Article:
The Local Government Association are calling for a ‘1948 moment’ for social care

Monday, March 29, 2021

The Local Government Association (LGA) are calling for a ‘1948 moment’ for Social Care and are asking the Government to publish its proposals for the future of adult social care ahead of this year’s spending review and before the summer parliamentary recess.

The Local Government Association’s own analysis before the 2020 Spending Review showed that adult social care faced a funding gap of £2.2 billion in 2021/22, rising to £2.7 billion in 2023/24. This is just for ‘core pressures’ (demography, inflation and National Living Wage increases) and the provider market gap (the difference between what providers say is the cost of delivering care and what councils pay). This does not take into account the cost of tackling many of the challenges facing social care, such as unmet and under-met need; a lack of funding for prevention; an over-stretched and undervalued workforce; and growing strain on unpaid carers.

The LGA are asking the government to think bigger and to learn from the pandemic and that a better future for adult social care must be one of the legacies of COVID-19.

A 1948 moment for Social Care

The Local Government Association are calling for a  ‘1948 moment’ for social care; a moment where we collectively aspire to something bigger and better for social care.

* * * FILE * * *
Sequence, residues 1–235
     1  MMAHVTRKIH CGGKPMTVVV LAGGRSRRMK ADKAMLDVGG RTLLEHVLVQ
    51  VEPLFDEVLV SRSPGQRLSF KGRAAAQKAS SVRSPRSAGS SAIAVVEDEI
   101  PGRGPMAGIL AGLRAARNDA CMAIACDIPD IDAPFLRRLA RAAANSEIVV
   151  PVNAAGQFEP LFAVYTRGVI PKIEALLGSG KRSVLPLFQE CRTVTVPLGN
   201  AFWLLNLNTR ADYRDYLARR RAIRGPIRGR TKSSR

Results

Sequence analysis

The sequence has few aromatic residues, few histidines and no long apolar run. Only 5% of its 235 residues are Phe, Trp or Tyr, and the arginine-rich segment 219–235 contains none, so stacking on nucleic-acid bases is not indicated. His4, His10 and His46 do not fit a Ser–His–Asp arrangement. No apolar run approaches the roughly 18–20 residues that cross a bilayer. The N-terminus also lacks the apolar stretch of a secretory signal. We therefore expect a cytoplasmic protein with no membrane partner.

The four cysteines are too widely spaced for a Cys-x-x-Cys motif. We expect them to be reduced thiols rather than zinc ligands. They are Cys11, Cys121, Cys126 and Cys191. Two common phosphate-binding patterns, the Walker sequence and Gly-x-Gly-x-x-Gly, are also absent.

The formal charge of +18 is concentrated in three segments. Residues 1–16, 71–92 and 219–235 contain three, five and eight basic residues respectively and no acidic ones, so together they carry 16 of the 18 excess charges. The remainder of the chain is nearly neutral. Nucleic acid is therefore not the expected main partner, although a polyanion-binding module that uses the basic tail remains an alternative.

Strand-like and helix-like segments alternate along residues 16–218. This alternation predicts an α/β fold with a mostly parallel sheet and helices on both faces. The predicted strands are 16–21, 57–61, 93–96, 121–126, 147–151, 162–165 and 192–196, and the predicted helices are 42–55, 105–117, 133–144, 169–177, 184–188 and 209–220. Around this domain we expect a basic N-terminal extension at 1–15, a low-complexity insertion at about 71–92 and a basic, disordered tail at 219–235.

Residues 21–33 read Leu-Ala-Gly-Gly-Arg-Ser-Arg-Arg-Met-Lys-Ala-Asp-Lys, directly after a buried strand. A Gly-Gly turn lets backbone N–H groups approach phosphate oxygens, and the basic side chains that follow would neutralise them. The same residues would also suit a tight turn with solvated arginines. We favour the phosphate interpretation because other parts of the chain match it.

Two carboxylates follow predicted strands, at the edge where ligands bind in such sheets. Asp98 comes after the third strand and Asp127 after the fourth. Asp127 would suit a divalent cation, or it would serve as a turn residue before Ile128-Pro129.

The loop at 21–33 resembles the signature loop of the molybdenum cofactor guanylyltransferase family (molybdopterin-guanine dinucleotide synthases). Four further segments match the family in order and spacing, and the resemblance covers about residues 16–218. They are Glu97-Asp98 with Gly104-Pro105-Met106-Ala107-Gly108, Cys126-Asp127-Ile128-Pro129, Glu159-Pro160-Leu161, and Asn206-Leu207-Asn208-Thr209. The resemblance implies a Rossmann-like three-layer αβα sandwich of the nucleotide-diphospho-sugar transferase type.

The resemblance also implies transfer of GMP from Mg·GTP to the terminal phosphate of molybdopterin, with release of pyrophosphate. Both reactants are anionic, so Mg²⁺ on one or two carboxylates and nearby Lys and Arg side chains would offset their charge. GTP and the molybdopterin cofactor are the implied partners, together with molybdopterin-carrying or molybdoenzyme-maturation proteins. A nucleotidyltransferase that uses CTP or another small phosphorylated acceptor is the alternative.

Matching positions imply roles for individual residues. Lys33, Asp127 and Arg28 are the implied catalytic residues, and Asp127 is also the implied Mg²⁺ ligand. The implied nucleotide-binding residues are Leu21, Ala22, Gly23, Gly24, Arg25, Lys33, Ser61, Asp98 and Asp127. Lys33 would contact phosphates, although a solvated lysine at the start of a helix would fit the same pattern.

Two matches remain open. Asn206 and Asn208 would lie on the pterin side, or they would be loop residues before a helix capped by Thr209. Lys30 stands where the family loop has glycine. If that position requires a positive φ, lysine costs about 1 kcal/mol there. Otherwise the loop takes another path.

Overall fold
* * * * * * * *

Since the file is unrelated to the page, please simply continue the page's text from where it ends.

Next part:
The LGA are aware that delivering such a moment cannot happen instantly and therefore support calls for a long-term plan for social care, equivalent to that for the NHS. Only last week, the National Audit Office were also recommending a cross -government, long-term, funded vision for care in their report The Adult Social Care Market in England.

The Local Government Association believe the immediate priorities must be:

  • investment to help meet the continuing costs of COVID-19 on social care, particularly on the care workforce and unpaid carers
  • investment to tackle the social care funding gap.

The funding can then begin to help the process of moving to a new system of social care, in which the following priorities must be:

  • addressing unmet and under-met need by revisiting the existing model of eligibility
  • tackling workforce challenges by developing a new deal for the workforce
  • improving provision, choice and control by thinking about how the system can best be driven by people’s needs and experiences
  • improving quality by being clear on the outcomes we are collectively seeking to achieve and how performance against them is coordinated and supported, including the role of sector-led support
  • securing a more rational, sustainable and transparent funding model that is based on universal risk pooling
  • protecting people from facing catastrophic costs.

The LGA believe that having these priorities met will deliver the truly person-centred and preventative care that is needed to underpin people’s wellbeing.You can read more about the LGA's vision for the future of social care here.